By ASHLEIGH PISANI
Malcolm Turnbull has taken the keys to the Lodge and seemingly the nation’s heart with opinion polls suggesting that for 70 per cent of voters he is their preferred Prime Minister.
Australian progressives rejoiced on Monday night at the downfall of the ultra-conservative Tony Abbott and welcomed the elevation of his small l liberal replacement.
But in reality, nothing of any substance has changed.
Sure, Australia now has a more likeable and articulate leader and one who is
unlikely to eat a raw onion or threaten to shirtfront a world leader but there are no actual policy differences between him and Tony Abbott.
In his speech announcing his leadership challenge, Turnbull stated he’d been provoked into action not to go against Abbott’s policies but to give them better “advocacy”.
In fact he is on the record declaring that he supported every element of Abbott’s wildly unpopular 2014 budget which included measures such as the deregulation of university fees, a $7 co-payment to visit the GP and the $80 billion dollars worth of cuts to schools and hospitals.
As Communications Minister he also presided over the $250 million cut to the ABC and SBS.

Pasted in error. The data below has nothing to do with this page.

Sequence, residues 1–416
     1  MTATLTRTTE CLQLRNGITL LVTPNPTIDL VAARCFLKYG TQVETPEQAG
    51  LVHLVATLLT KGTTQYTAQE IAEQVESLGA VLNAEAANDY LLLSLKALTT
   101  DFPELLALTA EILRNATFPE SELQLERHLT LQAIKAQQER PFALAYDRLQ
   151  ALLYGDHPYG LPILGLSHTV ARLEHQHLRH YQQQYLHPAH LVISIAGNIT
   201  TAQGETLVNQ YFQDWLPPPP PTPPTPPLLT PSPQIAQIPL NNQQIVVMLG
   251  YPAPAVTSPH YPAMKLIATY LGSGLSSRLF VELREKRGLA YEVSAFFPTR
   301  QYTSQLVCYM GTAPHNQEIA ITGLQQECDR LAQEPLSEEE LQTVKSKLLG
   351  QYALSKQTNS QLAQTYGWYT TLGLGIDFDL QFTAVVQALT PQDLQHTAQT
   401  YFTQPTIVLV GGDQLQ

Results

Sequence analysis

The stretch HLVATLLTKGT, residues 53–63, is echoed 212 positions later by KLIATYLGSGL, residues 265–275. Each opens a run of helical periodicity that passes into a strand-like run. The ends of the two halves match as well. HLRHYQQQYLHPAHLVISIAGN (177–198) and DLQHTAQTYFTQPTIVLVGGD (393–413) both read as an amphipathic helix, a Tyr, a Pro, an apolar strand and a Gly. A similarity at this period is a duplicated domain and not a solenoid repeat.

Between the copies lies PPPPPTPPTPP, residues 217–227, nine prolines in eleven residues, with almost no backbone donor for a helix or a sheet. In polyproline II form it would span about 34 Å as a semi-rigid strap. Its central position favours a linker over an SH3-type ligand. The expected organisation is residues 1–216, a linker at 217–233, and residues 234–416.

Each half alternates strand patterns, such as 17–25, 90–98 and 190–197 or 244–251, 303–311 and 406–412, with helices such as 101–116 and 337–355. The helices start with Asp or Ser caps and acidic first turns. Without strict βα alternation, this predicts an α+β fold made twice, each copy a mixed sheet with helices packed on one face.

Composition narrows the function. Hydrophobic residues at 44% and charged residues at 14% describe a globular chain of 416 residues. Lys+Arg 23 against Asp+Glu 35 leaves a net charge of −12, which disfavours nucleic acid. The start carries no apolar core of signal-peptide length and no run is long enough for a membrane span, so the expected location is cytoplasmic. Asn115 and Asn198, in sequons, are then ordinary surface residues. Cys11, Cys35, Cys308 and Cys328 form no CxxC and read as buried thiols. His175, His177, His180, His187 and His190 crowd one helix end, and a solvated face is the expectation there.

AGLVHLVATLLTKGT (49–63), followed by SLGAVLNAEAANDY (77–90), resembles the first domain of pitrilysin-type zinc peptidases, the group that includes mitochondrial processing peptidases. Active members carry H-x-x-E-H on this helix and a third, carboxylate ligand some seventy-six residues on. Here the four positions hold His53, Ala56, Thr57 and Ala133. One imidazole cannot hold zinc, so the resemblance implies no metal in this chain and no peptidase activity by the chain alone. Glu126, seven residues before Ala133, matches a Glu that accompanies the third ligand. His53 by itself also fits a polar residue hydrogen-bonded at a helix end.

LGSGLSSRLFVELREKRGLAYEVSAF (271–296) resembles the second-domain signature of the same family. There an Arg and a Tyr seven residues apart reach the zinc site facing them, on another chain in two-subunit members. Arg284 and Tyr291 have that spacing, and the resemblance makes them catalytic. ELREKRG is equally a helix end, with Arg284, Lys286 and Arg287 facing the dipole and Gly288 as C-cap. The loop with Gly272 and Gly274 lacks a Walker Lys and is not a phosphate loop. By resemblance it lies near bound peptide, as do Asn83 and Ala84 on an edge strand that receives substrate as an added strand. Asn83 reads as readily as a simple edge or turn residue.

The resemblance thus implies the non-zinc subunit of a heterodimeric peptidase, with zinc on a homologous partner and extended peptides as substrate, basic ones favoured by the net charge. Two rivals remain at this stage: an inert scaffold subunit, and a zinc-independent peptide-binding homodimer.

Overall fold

While he has in the past expressed more progressive social views than the former Prime Minister, Turnbull is ultimately a pragmatist who is beholden to the Liberal right.
He lost the Liberal leadership in 2009 because he supported Labor’s plan for an emissions trading scheme. He knows that to rock the boat and push for a more progressive policy platform is to jeopardise his hold on the Prime Ministership.
Hence, Turnbull has already said he supports the Liberal’s current emissions reduction targets which are considered by many to be insufficient and that there will be no change to the party’s position on marriage equality, which is currently to hold a public vote (a plebiscite) rather than allow a conscience vote in the Parliament which could see the legislation immediately passed.
He also has to appease both the National Party, who are not supporters of Turnbull and to whom he had to hand over the coveted water portfolio in order to get them to agree to remain in Coalition with the Liberal Party, and the Liberal’s backbench who were motivated in part to call for a leadership spill because of Tony Abbott’s lack of consultation and predilection for ‘captain’s calls’.
A mistake his successor is unlikely to make. In his first speech as Prime Minister, he promised his leadership would be “thoroughly consultative” and would unite the broad church of views that exist in the Liberal Party.
Most of those views are firmly on the conservative side.
Meaning that anyone who was hoping the ascension of Malcolm Turnbull to the Prime Minister’s office would usher in a new progressive era of the Liberal Government is likely to be very disappointed.
So I can’t share in the excitement of Turnbull replacing Abbott.
The Liberals now just have a more charismatic and intelligent salesman to pursue their agenda.